News

Research shows Moderna’s triple jackpot: subsidies, high prices and tax avoidance

Research by SOMO in cooperation with Wemos reveals that Covid-19 vaccine manufacturer Moderna avoids taxes on the profits it generates with billions of public funding. First the pharmaceutical company receives government subsidies for the development of its vaccine, then it sells the vaccines to governments for high prices, and in the end it transfers the majority of the profits to tax havens. Wemos and SOMO urge governments to attach conditions to public investments in development of vaccines and medicines, to ensure the accessibility and affordability of these products.

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Call to European public health community: push for sharing rights, know-how and technology

Wemos and EUPHA, the umbrella organization for public health associations and institutes in Europe, call upon public health experts to advocate sharing of patent rights, know-how and technology to maximize the production capacity of Covid-19 vaccines. In a joint statement, the two organizations stress that more certified pharmaceutical companies should be enabled to use their factories to produce vaccines. This is crucial in supplying all parts of the world with enough vaccines to end the corona pandemic as quickly as possible.

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Wemos calls upon WHO/Europe to counter power imbalance for access to medicines

Power imbalance between pharmaceutical companies and governments underlies many problems that hamper access to medicines for all. Monopolies and the lack of transparency in the pharmaceutical industry should therefore be countered. This was Wemos’ call during a civil society consultation initiated by the World Health Organization Regional Office for Europe (WHO/Europe) on the 26th of April.

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Missed opportunities in Rome Declaration on global health

During the Global Health Summit, hosted by Italy on May 21st, the G20 and the European Commission (EC) co-signed the Rome Declaration. We applaud their recommitment to strengthening health systems for global health security and Universal Health Coverage (UHC). However, in our opinion, the Declaration is not bold nor concrete enough on effective global health cooperation, strengthening health systems and intellectual property rights. It also fails to critically assess the importance of public financing and governance in health systems, and lacks urgency on solving the global health workforce crisis. We raised these points during the EC/G20’s consultations with civil society organisations a month before the Summit. Looking at the final Declaration, we identify some missed opportunities.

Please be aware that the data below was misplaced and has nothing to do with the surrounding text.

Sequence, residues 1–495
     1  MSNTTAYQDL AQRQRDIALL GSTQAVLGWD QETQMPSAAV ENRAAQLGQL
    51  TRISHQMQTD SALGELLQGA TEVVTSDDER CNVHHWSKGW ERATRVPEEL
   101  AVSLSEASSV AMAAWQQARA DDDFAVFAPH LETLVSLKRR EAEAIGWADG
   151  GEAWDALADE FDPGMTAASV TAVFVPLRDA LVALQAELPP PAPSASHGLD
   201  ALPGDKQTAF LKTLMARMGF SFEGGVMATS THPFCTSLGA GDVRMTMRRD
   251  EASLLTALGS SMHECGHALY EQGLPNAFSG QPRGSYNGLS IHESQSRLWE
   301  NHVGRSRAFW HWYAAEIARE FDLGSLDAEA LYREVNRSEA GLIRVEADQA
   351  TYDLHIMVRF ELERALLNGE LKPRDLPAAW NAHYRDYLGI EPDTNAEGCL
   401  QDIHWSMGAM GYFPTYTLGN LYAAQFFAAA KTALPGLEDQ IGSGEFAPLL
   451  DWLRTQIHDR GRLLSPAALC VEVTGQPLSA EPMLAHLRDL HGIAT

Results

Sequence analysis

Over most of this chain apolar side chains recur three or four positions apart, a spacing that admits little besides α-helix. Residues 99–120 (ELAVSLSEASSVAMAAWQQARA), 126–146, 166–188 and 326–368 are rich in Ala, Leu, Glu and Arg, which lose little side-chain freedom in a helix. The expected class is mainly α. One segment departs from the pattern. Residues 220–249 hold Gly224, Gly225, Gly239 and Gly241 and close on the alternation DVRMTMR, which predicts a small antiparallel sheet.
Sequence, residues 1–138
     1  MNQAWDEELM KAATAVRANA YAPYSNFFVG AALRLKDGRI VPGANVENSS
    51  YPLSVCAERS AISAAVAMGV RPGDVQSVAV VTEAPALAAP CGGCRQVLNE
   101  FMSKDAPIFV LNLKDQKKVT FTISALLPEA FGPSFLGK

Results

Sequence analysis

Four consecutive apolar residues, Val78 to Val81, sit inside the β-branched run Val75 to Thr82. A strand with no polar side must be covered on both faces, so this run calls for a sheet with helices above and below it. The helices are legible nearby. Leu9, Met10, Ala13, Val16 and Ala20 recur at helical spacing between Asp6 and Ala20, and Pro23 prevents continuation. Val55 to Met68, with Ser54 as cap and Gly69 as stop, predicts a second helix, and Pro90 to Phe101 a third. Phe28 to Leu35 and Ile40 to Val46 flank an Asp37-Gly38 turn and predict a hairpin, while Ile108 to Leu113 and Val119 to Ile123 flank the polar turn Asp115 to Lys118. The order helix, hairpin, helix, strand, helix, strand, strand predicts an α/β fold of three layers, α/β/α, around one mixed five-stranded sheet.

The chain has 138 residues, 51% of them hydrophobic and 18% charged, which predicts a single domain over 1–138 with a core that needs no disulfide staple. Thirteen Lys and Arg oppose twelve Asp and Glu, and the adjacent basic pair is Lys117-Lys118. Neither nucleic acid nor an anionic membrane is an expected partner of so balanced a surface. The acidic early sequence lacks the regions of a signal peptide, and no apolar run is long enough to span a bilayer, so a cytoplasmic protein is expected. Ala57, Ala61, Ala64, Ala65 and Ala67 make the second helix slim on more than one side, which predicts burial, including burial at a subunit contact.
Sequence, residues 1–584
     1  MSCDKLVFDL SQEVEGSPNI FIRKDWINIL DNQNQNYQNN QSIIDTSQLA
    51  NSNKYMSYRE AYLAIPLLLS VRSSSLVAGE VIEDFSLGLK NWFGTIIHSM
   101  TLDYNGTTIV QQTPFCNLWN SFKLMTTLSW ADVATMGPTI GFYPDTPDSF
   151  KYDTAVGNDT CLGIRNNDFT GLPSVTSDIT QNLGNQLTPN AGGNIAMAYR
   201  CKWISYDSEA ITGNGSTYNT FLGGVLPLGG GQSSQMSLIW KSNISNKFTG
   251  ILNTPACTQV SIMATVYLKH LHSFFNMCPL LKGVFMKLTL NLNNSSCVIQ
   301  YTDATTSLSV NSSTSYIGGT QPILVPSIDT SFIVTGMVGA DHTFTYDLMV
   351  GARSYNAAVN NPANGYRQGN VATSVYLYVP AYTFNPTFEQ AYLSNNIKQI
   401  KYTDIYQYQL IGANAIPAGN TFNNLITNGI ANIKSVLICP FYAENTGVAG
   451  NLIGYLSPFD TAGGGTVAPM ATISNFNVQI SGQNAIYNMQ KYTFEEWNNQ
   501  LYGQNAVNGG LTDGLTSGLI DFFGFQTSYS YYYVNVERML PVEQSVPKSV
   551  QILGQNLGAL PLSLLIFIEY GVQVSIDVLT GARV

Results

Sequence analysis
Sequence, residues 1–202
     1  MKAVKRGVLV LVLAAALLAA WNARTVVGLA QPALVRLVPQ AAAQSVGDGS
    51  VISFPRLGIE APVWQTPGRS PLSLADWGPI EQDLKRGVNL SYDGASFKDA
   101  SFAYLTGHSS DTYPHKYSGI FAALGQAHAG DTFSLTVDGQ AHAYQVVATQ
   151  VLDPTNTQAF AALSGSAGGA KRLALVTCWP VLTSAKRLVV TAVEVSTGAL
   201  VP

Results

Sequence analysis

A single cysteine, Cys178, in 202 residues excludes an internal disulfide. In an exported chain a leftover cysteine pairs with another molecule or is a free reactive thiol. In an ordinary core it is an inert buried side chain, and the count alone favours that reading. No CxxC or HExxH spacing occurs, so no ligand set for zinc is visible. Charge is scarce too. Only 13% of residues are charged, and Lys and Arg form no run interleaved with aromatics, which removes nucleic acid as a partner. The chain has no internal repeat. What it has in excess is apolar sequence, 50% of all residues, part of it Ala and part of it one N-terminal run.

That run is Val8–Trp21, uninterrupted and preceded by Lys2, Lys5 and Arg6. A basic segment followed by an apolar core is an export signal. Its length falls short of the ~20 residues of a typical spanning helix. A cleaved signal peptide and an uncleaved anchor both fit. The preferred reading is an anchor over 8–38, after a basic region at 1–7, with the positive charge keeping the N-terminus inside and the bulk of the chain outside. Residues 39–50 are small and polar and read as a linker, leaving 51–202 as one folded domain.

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Covid-19 vaccine

Waiver patent protections is an important step in the right direction

Wemos warmly welcomes the US government’s proposal to the World Trade Organization (WTO) for a temporary waiver of patent protections for Covid-19 vaccines. It is now up to the Netherlands and the European Union (EU) to follow suit. This patent waiver – which would temporarily lift patent protections – will give all pharmaceutical companies the right to also produce vaccines. This could be a breakthrough for global access to these vaccines.

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Webinar & report April 19: how do the Global Fund, GFF and Gavi coordinate their efforts to strengthen health systems?

During a joint interactive webinar on April 19th, Wemos and Cordaid – as part of the Dutch Global Health Alliance – will share our joint report’s main findings and recommendations on health systems strengthening coordination among the ‘3Gs’. The 3Gs are the Global Fund to Fight AIDS, Tuberculosis and Malaria (Global Fund), the Global Alliance for Vaccines and Immunizations (Gavi) and the Global Financing Facility (GFF). They are the three largest global health initiatives that raise and allocate funds to strengthen health systems in low- and middle-income countries.

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New Wemos-led project AHEAD: Action for Health and Equity Addressing medical Deserts

Today – on World Health Day and during World Health Worker Week – the Wemos-led European project AHEAD, or ‘Action for Health and Equity Addressing medical Deserts’, officially kicks off. Within this 26 months-long project, Wemos and five civil society partners from Romania, Italy, Serbia, Moldova and the Netherlands will address health worker shortages in isolated or depopulated areas, known as ‘medical deserts’. The project is primarily funded by the European Commission, with co-funding from Open Society Foundations.

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